State Workers

State worker lists shrinking

The number of workers on Washington's state government payroll slowly is shrinking.

The state Office of Financial Management said last week that actual employment in state agencies was 63,209 full-time positions as of July 31. That was down from the 63,671.5 at the end of June, when the previous two-year budget cycle ended. The latest numbers don’t include employment at state universities and colleges.

The change represents a net decrease of about 462 “warm bodies” in one month, as one official put it, a change of less than 1 percent. But some agencies went up in jobs, while others fell.

“We’re seeing an overall downward trend in the number of employees in state government, despite some small increases for the Employment Security Department, which has hired employees to help people find work and to process unemployment insurance claims, and the Department of Natural Resources, which hires a number of seasonal employees to fight fires,” OFM spokeswoman Kate Lykins-Brown said last week.

The reductions were driven by the Legislature’s budget cuts in April and Gov. Chris Gregoire’s executive orders that began almost 15 months ago. Both were prompted by the recession and a corresponding dive in state tax revenue, which led to more than $4 billion in spending cuts.


The overall figure represents less than 1 percent of the workers in general state government agencies and still is well below the 1,200 state-agency workers that budget writers have predicted will lose jobs through the cuts.

The end of a state government hiring freeze July 1 has not changed the trend toward smaller government, although there still are more workers on the payroll than in June 2007.

The trend is expected to continue, and Greg Devereux, executive director of the Washington Federation of State Employees, said earlier this summer that he expected 700 additional layoffs.

“We’re looking ahead to next session. We want to stem the bleeding. We believe the economy is going to recover, and we want to put some of the pieces back,” federation spokesman Tim Welch added Friday. “There are some agencies being devastated by the cuts, and we need to restore them.”


The Department of Personnel released a head count of state workers Friday that appears to show the same downward trend as the governor’s budget office figures. The Personnel data show that the number of general-government workers on the payroll, including part-time and temporary employees, fell to 64,548 as of Aug. 31. That compared with 64,933 on July 31 and 65,290 on June 30, the last day of the previous two-year budget cycle.

Universities and colleges also have reduced staffing levels, but those figures are distorted by seasonal changes during the summer. OFM says higher-ed institutions had filled 42,290 full-time equivalent positions as of July 31. That compared with 48,851 a month before and 48,053 in June 2008.

OFM does not expect higher-education jobs data to show the real effects of budget cuts for another month or two, after students return to class and staffs are back at full levels.


Of all the state’s agencies, the biggest reductions in FTEs have come at the Department of Social and Health Services. That leviathan agency, which is the state’s largest, shed roughly 600 jobs statewide for the month – and more than 804 full-time positions since June 2008. Spokesman Thomas Shapley said Friday that the actual head count shrank by 1,257 over the past 13 months, and the lion’s share came from administrative ranks. DSHS now employs the equivalent of 18,183 full-time workers.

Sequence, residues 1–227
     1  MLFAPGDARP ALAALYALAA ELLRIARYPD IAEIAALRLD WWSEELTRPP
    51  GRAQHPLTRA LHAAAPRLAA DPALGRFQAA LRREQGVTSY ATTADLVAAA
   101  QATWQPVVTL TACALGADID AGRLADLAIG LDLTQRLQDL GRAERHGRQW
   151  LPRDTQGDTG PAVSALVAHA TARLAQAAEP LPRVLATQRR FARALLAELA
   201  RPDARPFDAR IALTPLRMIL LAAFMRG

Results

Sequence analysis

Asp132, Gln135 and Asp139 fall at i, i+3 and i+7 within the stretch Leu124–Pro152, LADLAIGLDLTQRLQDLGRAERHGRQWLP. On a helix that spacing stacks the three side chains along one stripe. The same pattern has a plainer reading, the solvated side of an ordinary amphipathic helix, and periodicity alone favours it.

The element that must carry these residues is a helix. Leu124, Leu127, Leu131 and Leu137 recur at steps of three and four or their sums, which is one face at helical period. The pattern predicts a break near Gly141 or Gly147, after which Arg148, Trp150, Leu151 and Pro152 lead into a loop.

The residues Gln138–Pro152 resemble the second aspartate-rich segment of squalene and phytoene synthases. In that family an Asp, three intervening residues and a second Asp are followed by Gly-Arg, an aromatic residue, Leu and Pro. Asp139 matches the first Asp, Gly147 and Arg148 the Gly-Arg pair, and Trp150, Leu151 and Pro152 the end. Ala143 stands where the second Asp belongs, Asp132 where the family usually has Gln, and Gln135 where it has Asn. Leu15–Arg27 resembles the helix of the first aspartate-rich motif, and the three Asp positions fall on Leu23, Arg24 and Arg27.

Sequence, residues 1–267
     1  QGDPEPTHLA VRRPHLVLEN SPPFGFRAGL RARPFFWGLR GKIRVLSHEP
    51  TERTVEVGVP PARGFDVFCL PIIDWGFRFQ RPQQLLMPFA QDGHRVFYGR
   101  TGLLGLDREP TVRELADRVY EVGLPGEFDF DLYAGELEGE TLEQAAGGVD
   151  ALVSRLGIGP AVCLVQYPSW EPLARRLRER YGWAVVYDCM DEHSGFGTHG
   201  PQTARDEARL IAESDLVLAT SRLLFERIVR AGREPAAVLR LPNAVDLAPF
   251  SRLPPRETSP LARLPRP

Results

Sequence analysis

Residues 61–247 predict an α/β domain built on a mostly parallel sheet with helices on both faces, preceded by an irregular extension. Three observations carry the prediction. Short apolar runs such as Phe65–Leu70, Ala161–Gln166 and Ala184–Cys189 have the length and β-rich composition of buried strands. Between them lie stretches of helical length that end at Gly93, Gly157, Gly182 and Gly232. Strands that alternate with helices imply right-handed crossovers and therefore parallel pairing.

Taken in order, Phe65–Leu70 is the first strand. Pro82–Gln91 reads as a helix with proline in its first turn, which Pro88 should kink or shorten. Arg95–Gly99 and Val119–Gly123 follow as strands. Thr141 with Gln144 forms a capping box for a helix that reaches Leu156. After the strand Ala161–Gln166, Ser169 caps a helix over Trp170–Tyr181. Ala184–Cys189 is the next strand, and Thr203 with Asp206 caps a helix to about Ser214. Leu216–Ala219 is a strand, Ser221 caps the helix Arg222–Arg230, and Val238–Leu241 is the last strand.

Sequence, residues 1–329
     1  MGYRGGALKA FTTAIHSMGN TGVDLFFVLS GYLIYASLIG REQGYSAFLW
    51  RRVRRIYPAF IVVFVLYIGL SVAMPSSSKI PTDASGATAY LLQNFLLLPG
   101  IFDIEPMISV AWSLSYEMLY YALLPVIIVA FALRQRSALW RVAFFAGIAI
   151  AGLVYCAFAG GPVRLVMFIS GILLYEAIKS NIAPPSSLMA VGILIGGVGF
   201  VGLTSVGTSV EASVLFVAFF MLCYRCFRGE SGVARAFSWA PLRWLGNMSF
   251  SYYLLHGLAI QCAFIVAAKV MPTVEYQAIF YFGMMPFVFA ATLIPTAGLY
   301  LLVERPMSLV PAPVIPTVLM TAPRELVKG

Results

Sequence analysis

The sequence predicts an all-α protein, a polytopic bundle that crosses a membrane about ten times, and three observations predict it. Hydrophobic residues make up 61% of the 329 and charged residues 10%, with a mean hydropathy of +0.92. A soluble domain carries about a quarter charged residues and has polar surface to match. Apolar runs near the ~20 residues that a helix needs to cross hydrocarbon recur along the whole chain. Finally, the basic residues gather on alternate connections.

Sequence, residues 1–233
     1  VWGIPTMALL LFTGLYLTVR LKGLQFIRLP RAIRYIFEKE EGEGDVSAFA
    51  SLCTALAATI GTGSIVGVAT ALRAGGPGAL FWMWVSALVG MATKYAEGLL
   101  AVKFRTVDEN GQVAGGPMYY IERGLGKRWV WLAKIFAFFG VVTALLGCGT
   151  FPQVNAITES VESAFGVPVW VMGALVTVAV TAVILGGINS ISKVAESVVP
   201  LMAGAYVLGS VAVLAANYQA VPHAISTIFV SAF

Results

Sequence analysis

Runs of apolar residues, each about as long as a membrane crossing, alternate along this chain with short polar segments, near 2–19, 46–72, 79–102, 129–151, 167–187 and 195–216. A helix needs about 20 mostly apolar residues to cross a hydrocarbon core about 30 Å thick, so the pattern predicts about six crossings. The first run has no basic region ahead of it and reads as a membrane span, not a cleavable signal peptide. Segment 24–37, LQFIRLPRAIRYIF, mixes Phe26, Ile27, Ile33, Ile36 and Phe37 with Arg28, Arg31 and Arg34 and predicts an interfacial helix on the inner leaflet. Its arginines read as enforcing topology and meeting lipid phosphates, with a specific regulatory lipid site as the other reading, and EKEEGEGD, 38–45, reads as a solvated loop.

Some of the positions were eliminated through layoffs, and some through not filling positions as workers retired or left on their own. Layoffs and departures began last year and are ongoing because of “bumping” – the legal right of some workers to “bump” into a lower-paying position held by a lower-seniority worker.

“It’s still going on because of the bumping. This has not settled down yet. Layoffs continue,” Shapley said Friday.

The Department of Labor and Industries shed about 75 FTEs in July, Corrections lost nearly 88, the Secretary of State’s Office lost 22 and the governor lost about eight of her 55 staff positions, the OFM data show.

State courts also saw reductions, and so did the legislative branch. In fact, one of the larger reductions on a percentage basis came in the state House and Senate, where both chambers are cutting their full-time staffs by 5 percent.

Deputy Secretary of the Senate Brad Hendrickson said the actual reductions in the Senate so far are 10 full-time, year-round positions. Hendrickson said the Senate also plans to hire fewer temporary staffers for the 2010 session. Deputy Chief Clerk Bernard Dean in the House reported similar reductions.


Meanwhile, a few agencies have grown since June 30. The Employment Security Department added almost 242 positions in response to a sharp increase in jobless claims. OFM said state parks added the equivalent of 190 seasonal or temporary workers, but those jobs are ending, according to the agency. And the Liquor Control Board added to its staff. Some are seasonal workers at a distribution center and some are hired to prepare for the opening of new stores, the agency said.

The Department of Revenue added about eight positions – to total nearly 1,070 – as that agency adds tax collectors who are supposed to bring in more revenue to the state treasury.


Budget writers in the Legislature such as Sen. Rodney Tom, D-Medina, have predicted cuts of more than 2,000 jobs in higher education and the same in state government, with a few thousand more in public schools around the state.

There are no specific figures yet for the job losses in Thurston County. “We’re seeing it statewide,” Welch said. “But if you look at the numbers, obviously the biggest group is going to be in Thurston County.’’

Brad Shannon: 360-753-1688